Help me start making sushi with all this cool stuff my sweetie got me
January 31, 2013 2:10 PM   Subscribe

As an anniversary gift, my girlfriend got me all this cool stuff to begin learning to make sushi with. But where to begin? What is the purpose of some of these things on the left there? I get the bamboo mat but some of the other things are throwing me for a loop. Also, what would be the very best way for a beginner to jump into this world? Difficulty: I really dont want to sent anyone to the hospital from them eating some sushi I made.
posted by Senor Cardgage to Food & Drink (18 answers total) 8 users marked this as a favorite
Also, what would be the very best way for a beginner to jump into this world? Difficulty: I really dont want to sent anyone to the hospital from them eating some sushi I made.

Don't put anything that isn't food into your sushi roll and you ought to be safe on the hospital front. But I see what you're saying. Maybe just stick to veg/cooked fish rolls for now until you get your technique down.

The seaweed is for actually wrapping the sushi in. I believe that spoon is just a single-purpose rice scooper.

Here's a good place to start.

Have fun! I've only gotten to roll my own once, but it was a good time.
posted by phunniemee at 2:20 PM on January 31, 2013

You'll probably want to start the first couple times with veggie sushi or cooked fish, so you can get the hang of making good sushi before you get to using nice fish.

The first trick is to do the rice correctly, which starts with using the correct rice. You can use rice that's packaged as "Sushi rice" but any short-grain white rice will be fine. Rinse the rice in 3 changes cold water before cooking according to the directions on your rice cooker. While the rice is cooking, dissolve some salt and sugar in rice vinegar. When your rice cooker goes "click", mix in the vinegar, then spread the rice out on a baking sheet or other flat surface to cool. The plastic paddle will help you handle the rice.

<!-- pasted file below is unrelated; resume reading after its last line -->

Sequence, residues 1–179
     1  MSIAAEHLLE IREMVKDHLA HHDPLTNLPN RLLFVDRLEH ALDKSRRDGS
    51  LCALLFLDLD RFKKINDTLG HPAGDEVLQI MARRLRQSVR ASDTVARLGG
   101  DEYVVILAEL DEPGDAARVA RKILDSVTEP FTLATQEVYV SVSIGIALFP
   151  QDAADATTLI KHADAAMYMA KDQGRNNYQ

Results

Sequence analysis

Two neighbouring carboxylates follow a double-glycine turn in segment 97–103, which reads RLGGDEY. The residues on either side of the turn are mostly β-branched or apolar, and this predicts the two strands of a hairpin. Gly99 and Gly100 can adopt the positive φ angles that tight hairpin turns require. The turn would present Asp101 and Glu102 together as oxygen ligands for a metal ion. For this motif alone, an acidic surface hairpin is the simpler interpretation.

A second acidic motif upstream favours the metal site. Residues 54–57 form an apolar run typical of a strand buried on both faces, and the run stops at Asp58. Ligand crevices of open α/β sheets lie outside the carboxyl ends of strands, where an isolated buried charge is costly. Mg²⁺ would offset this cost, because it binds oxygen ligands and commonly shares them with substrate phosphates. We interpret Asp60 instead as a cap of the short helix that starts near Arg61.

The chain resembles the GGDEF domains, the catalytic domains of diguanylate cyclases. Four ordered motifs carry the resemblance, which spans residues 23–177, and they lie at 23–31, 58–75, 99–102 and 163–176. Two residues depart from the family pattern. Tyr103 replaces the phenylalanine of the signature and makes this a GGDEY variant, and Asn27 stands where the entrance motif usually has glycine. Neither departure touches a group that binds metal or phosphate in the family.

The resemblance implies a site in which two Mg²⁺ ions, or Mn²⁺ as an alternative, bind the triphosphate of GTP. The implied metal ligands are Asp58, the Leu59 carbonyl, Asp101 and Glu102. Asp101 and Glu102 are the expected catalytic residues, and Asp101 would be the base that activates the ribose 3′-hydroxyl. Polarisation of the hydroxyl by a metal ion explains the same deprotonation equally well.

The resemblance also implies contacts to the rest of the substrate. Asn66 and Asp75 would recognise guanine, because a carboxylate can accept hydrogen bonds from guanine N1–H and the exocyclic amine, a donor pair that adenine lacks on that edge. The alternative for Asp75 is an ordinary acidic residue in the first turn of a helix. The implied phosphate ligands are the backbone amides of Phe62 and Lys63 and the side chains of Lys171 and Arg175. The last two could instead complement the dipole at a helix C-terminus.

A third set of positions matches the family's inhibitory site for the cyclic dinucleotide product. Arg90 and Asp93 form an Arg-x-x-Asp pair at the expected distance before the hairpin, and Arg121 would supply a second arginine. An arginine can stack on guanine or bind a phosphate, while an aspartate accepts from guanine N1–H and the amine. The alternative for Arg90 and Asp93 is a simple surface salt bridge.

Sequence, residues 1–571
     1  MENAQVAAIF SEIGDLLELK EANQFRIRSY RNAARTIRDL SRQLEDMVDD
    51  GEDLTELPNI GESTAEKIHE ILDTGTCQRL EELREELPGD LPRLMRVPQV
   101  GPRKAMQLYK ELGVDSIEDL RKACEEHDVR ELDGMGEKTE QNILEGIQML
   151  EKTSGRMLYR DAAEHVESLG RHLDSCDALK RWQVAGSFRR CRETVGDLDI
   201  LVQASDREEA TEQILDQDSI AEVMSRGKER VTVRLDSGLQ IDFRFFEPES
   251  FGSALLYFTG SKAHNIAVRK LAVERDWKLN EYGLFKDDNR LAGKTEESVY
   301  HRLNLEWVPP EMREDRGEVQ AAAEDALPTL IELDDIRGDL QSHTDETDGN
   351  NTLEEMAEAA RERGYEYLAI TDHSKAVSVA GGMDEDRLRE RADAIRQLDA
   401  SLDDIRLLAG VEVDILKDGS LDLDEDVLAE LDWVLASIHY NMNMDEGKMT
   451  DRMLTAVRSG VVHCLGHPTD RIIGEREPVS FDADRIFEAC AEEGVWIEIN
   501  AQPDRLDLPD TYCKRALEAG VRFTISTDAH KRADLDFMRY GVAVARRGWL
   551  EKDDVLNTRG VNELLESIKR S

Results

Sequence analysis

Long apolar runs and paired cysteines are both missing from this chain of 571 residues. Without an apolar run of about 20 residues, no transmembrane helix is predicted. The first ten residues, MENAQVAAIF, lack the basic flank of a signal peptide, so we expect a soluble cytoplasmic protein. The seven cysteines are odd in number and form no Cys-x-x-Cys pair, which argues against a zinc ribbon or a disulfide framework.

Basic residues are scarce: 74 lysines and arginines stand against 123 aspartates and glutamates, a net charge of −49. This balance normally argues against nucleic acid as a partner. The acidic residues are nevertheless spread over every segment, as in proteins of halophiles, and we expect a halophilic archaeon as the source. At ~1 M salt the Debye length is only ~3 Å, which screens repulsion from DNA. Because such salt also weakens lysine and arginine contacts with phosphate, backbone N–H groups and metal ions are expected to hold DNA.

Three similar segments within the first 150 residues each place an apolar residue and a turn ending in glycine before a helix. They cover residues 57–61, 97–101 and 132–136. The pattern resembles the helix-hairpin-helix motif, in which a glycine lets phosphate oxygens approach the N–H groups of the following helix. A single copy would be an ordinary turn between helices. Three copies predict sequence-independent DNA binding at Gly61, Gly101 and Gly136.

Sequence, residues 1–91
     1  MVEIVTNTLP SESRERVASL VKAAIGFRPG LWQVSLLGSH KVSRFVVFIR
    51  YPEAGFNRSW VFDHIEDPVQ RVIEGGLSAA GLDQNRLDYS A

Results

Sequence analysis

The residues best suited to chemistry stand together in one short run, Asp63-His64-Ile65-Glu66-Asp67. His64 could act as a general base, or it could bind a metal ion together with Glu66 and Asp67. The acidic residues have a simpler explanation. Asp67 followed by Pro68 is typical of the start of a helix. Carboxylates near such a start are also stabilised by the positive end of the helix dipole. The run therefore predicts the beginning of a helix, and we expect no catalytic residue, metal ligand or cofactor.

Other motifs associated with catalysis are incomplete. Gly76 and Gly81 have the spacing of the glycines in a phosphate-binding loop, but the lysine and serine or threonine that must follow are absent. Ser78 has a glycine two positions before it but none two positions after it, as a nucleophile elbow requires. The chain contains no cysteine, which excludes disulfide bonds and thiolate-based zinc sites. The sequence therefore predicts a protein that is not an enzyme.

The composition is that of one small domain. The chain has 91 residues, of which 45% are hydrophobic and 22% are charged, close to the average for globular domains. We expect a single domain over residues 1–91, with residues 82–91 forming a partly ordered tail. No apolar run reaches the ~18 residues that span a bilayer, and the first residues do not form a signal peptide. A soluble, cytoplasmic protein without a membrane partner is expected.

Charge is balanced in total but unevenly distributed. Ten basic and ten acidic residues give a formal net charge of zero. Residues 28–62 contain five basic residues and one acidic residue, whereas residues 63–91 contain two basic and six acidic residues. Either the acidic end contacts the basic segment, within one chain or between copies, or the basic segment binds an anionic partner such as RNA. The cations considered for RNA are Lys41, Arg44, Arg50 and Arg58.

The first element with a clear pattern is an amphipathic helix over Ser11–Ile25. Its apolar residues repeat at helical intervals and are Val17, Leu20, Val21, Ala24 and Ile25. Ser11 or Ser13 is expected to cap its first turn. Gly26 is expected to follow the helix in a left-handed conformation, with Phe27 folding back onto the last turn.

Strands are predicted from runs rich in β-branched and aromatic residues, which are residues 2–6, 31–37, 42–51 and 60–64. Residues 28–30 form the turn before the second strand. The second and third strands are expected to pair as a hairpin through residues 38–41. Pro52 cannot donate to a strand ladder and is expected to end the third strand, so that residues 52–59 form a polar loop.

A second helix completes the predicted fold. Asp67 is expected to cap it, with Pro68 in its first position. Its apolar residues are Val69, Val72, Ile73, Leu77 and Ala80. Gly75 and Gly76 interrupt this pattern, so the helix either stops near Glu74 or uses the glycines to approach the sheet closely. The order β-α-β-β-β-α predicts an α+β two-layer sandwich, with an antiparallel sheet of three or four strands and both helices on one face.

posted by Jon_Evil at 2:21 PM on January 31, 2013

The very best way would be to get some Sushi rice, rice wine, rice vinegar, very fresh salmon or tuna, and cucumber. Then you can learn how to make salmon or tuna rolls and cucumber rolls. It doesn't really get simpler than that.

I'd get a book if I were you. Or look up a website. It's way too much to explain, and I'd be typing a lot of stuff others have already put out there.

I see nori (seaweed leaves), those are used to roll the rice and stuffing into. I see a paddle for spooning the dressing through the rice. The dressing is there, too (small bag). But really, a good recipe will tell you what to use and how.

Here are some websites that seem good to me.

Don't worry. As long as your ingredients are fresh, and you follow the directions, it's not possible to make something that will send people into the hospital. Chances are it's going to look okay and taste great.
posted by Too-Ticky at 2:21 PM on January 31, 2013 [2 favorites]

Spoon to stir rice, nori to wrap it, seasonings, and rice cooker are things I see in picture besides the bamboo mat.

I strongly encourage you to take a class and/or pick up a good book like this one on sushi making. The rice alone as well as proper wrapping both take more work and skill than you'd think.
posted by bearwife at 2:23 PM on January 31, 2013 [1 favorite]

Did this for my daughter's 10th birthday party. I would use vegetables to start, carrots, asparagus, cucumber, maybe some crab from the grocery.

Anything works though. Although me, my daughter and her friends pinky swore to never tell, you can make sushi rolls with m&ms inside or whatever.

Having had experience being in HS in the 70s and going to many a Grateful Dead show, I thought my experience rolling things would come in handy. Not so much. I would get a book or watch several YouTube videos. By end of night we were making them with the rice inside or out.
posted by JohnnyGunn at 2:26 PM on January 31, 2013

The bamboo mats are to facilitate rolling the sushi (assuming you're making rolls); the seaweed paper are for roll wrappers - if you just get a regular maki type roll at a sushi joint, the seaweed paper is on the outside, while it's normally inside the rice on fancier rolls; the spoon thingy is a rice server (I guess your rice maker doesn't come with one? which would be odd); the sushinoko is seasoning stuff for the rice.